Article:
The Entrepreneurial Couple – these are individuals that are married, significant others, life partners, etc. who have elected not only to spend their lives together but also create a business together. At first it makes sense – two smart people, a great idea, working with someone you trust to take charge of your destiny. But along with these benefits come unique challenges and even additional pressure on the relationship due to poor communication, unresolved conflicts, reliance on the business to financially support both individuals, and no separation between work and home.
While I have seen many couples make this transition successfully, I have seen a greater number fail. The individuals that succeed do so by clearly defining what they expect from one another in both the business and personal relationships, avoiding undue stress and creating a true partnership. The following are seven topics that I have noticed are most important for discussion and agreement.
1. Roles and Responsibilities. Identify clear roles, responsibilities, and expectations – just as you would with any employee. Without clear roles, individual duties get blurred. This can lead to each person thinking the other is handling an item, which can lead to tasks not being completed, which leads to the blame game.
2. Decisions. Determine a process for making decisions from the get-go. Focus particularly on how disagreements will be handled. What happens if one partner wants to go in a direction that the other partner vehemently opposes?
3. Needs and Values. Come to an understanding on what each person’s needs and values are in both the personal and business relationships. Often, the personal relationship is about security, connectedness, and equality; this relationship tends to be full of emotion. On the other hand, the business relationship is more about risk, equitability, and competition; this relationship leans more toward rationality. Each person needs to understand how the other views these differences, and then together you can come up with a game plan on how to honor these views.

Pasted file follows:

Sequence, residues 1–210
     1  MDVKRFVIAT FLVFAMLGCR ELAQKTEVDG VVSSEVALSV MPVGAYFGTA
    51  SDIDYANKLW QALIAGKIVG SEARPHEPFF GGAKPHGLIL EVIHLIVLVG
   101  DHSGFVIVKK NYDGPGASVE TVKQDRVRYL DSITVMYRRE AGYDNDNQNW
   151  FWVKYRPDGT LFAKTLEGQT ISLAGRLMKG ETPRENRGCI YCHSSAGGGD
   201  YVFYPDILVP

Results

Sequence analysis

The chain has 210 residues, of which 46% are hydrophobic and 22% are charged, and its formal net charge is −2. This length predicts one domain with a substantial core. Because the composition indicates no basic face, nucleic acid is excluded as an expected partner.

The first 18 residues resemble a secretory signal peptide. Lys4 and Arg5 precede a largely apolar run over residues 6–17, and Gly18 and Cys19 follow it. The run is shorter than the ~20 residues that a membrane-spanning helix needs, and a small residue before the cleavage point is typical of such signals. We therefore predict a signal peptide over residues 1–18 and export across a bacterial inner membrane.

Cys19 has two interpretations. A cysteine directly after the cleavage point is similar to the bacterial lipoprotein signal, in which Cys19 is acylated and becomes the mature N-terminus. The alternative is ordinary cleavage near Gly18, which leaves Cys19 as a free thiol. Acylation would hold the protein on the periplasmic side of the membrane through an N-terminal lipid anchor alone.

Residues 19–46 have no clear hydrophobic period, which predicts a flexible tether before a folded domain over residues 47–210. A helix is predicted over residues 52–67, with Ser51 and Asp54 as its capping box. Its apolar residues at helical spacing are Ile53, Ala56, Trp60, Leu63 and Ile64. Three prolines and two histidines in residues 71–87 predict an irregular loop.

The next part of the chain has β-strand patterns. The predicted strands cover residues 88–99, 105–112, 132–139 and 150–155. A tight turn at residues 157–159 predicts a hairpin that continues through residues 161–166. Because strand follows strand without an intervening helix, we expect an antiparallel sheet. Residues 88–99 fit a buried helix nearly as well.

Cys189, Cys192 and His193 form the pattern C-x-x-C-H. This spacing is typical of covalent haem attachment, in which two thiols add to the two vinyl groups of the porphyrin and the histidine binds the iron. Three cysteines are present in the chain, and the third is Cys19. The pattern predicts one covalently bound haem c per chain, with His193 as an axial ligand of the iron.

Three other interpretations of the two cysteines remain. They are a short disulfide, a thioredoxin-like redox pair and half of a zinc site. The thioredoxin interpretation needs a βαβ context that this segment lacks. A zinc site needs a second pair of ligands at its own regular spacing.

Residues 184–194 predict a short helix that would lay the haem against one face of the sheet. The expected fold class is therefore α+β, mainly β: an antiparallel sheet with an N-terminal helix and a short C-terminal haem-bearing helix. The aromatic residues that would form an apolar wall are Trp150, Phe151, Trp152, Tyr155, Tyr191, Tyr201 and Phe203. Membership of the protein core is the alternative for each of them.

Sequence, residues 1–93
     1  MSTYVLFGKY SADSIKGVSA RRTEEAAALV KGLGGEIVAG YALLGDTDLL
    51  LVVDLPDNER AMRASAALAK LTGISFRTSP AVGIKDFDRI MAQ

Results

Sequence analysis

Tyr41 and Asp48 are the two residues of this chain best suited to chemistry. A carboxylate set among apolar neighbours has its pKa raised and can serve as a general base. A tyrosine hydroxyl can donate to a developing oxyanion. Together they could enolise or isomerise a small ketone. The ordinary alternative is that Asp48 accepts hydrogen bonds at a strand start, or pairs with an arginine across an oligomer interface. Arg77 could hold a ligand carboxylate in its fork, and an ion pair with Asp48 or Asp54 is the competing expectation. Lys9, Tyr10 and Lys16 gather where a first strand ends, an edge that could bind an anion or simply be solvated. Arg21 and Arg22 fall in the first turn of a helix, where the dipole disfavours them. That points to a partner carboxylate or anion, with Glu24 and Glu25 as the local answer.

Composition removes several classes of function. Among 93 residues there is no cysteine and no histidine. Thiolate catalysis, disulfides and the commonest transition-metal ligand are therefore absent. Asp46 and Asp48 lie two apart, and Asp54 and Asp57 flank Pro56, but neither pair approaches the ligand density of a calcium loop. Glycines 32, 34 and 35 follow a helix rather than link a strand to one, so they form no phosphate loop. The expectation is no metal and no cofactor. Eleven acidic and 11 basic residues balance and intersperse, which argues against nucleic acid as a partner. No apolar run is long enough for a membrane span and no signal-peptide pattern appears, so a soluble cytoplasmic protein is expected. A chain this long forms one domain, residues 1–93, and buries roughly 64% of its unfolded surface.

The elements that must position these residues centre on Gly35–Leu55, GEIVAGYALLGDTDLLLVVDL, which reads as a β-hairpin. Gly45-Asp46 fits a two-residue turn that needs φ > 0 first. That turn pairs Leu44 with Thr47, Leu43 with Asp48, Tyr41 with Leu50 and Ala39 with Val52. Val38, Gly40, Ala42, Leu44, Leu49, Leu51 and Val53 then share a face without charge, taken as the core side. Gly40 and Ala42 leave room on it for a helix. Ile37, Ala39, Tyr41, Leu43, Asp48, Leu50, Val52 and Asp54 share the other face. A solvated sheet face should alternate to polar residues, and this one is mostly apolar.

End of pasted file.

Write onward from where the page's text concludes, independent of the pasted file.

4. Separation of Work from Home. Create parameters about topics that should stay at the office. Couples working together often see their home and work life blend together to the point where they feel they are always working and have lost aspects of their personal life and relationship. One couple that I’ve worked with uses the rule that from 6:00 PM until 8:00 AM the next morning they cannot talk about business.
5. Personal Independence. Identify and develop some independent activities, hobbies, or friendships. This allows each of you to maintain a sense of individual identity and to also bring new perspectives and insights into the relationship.
6. Finances. Establish clear budgets for both the business and your household. It is crucial that you manage both budgets well since you rely on one business to support a household of two (or more). Most importantly, business financial decisions that may impact your personal household finances should be made jointly.
7. Assistance. Get an outside advisor or coach. It is imperative to have someone you trust advising you on the dynamics that arise from sharing a business and personal relationship. Having an impartial third party can help prevent differing opinions from becoming major conflicts that can negatively impact your relationship.
Entrepreneurial couples can create an unstoppable team if they have a strong, trusting foundation, but without good communication skills and clear expectations or parameters these relationships may also hinder a business’s growth and prosperity.
If you are an entrepreneurial couple, you probably desire business success, family harmony, and personal well-being. Unfortunately, entrepreneurial partnerships may have a hard time achieving these three things and may under-perform due to unresolved conflicts and ambiguity about roles. Together as partners, I encourage you to take time to evaluate how you are truly performing as a team. Create a game plan, write down your resolutions, and make a contract with one another using the above seven topics as a guideline.
Is there a topic that you would like Michael to discuss? If so, email him at [email protected] or call (805) 541-9040 to let him know.